Tech Layoffs & What They Mean For The Future Of Tech In 2024 & Beyond

I remark on how is AI affecting layoffs across tech and introduce a name for the tech layoffs era: MEBA-FLAP.

Tech Layoffs & What They Mean For The Future Of Tech In 2024 & Beyond
A sun shaft appearing on the way to an elk camp outside of the snowy mountains in Montana.

A wild acronym appears: MEBA-FLAP.

A graph showing tech layoff data over 2022-2024, showing a peak in the middle, around Jan 2023.
It's ironic the layoff data naturally forms a frown over the years 2022 and 2023.

It's in everyone's feed, news, and minds. Perhaps you're a part of the rolling tech layoffs, or you at the very least know someone affected. The worst part is that once these layoffs started occurring, people reported that the tech job market was crowded, and stiff in competition, while recruiters ghosted them left and right.

The very company I worked for was affected last year, in a debacle followed by eventual bankruptcy and creditor-in-possession. It continued in some zombified version of itself before its brand was acquired in the scrapings of the courtroom floor. Some people jumped ship to a spinoff technology startup.

The world is blaming the layoffs on a number of factors across the internet; including some completely wild conspiracy theories, the most uniform and disguised of which being AI. So many headlines are reading into AI being the cause of the layoffs. Here are some examples:

I'm contending that isn't it at all. In my opinion, if AI was as adopted into normal work streams and daily life as everyone reports, we would be seeing layoffs across every industry and job description. Instead, we are seeing fundamental shifts in company priorities, as told by the laying off of large swaths of certain departments. (e.g. Recent Google layoffs targeting voice assistant teams)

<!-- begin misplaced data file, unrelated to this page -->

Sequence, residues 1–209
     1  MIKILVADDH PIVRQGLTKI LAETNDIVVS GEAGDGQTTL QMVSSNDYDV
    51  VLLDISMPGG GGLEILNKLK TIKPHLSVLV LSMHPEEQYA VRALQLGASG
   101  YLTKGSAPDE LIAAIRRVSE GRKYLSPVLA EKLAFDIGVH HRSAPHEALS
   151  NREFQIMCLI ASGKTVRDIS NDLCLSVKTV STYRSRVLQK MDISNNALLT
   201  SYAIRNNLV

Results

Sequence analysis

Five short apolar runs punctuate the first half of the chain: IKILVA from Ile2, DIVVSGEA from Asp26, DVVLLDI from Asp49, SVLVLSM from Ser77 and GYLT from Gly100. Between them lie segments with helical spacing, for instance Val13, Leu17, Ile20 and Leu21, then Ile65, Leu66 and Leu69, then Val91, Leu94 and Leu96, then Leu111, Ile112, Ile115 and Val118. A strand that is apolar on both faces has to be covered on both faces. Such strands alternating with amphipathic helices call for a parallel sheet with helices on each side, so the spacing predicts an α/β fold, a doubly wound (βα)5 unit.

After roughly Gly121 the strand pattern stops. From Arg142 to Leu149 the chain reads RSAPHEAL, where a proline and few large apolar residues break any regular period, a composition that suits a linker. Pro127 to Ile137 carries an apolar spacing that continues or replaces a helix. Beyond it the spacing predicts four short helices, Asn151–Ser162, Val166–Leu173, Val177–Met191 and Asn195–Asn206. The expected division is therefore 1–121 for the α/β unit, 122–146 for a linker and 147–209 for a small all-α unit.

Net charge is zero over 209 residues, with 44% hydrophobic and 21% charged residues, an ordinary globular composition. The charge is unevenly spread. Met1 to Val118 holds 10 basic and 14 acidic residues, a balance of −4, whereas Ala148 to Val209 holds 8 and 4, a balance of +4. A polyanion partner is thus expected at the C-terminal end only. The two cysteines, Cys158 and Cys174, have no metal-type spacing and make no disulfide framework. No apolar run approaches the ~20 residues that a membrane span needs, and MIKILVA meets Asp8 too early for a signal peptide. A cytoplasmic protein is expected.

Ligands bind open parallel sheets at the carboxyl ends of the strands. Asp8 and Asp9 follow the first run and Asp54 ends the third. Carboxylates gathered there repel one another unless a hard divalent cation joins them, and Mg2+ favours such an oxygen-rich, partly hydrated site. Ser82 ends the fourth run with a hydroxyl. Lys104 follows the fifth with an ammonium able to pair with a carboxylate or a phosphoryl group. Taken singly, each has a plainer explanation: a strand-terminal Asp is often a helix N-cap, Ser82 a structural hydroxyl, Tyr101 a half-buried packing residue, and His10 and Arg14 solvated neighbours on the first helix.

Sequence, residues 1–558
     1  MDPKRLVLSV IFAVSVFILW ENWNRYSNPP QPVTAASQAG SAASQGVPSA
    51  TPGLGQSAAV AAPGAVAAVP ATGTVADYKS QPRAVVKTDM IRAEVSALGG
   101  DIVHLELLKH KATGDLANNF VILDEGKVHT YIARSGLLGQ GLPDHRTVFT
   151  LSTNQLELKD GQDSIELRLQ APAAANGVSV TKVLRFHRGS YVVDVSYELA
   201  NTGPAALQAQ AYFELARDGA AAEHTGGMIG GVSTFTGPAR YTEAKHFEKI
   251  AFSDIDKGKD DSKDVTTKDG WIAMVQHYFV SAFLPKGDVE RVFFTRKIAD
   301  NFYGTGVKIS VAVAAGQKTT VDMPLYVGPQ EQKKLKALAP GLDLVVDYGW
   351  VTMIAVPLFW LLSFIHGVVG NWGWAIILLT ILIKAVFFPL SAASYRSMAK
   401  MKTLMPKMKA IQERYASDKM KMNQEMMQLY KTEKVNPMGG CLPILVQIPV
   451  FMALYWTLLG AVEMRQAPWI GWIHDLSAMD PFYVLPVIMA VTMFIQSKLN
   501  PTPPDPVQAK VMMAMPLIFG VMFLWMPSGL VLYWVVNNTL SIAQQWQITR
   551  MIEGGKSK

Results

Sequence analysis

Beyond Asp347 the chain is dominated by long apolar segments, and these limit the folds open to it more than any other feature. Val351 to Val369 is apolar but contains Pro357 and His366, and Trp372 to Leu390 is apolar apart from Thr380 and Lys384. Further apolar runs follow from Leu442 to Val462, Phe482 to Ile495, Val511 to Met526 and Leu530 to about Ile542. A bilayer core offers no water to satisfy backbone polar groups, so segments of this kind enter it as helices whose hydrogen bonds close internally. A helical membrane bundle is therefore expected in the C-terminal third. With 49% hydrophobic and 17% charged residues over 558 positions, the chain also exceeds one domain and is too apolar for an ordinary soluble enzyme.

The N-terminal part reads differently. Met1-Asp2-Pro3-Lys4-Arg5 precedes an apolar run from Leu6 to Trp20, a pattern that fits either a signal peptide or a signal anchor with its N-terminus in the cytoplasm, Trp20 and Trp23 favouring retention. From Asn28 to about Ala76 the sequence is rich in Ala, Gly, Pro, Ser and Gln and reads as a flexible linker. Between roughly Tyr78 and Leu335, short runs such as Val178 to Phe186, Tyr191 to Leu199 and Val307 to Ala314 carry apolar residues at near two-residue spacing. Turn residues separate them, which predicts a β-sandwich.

Quite often history repeats itself, and that fact may or may not bring you solace. As far as tech goes, it definitely should. It's easy to get bogged down in the negative news, and the accounts of many of our fellow programmers that have reported negative stories. It's important to see the positive stories, and also think critically about what's actually going on. I think the future bodes well for developers, and there are a variety of factors I believe are affecting the tech industry that prove most news sources have amnesia.

After speaking with a few friends who have opinions on the layoffs or have been through the literal dot-com bubble, I'm able to compile a list of factors I am confident are actually contributing to this time period which I'm going to coin as the MEBA-FLAP era (Many Entities Blabbering AI-Fueled Layoffs And Prevarication). Otherwise known as poking fun at the numerous sources of news declaring that AI is eating the world.

These factors I speak of are the following:

  • Interest Rates
  • Mismanagement
  • Cyclical Markets
  • Saturation

Let's break down the factors above and support them with some evidence.

Interest Rates

Federal Interest Rate Over 2022-2024. Source:

Interest rates have a bearing on the entire stock market, and therefore all of business conducted throughout the US, rippling to the entire world. Lately, they have been used to combat an insane rate of inflation but can be set from the influence of the durable goods report and other economic factors. This is where I digress, as I'm not an economic expert.

That said, I think it's very easy to see that the cost of borrowing money has gone up in recent years. In fact, the rise of which correlates with tech layoffs. Why? If it's not obvious how this correlates, take a look at the split of where money goes, in terms of industry from VC. Over the year 2022, of $240.8 billion in VC funding, $90.2 billion went to software companies (37% of the total, across 11 industries). Capital drives businesses, therefore, capital drives tech. Borrowing became expensive, therefore, businesses pumped the breaks on spending.

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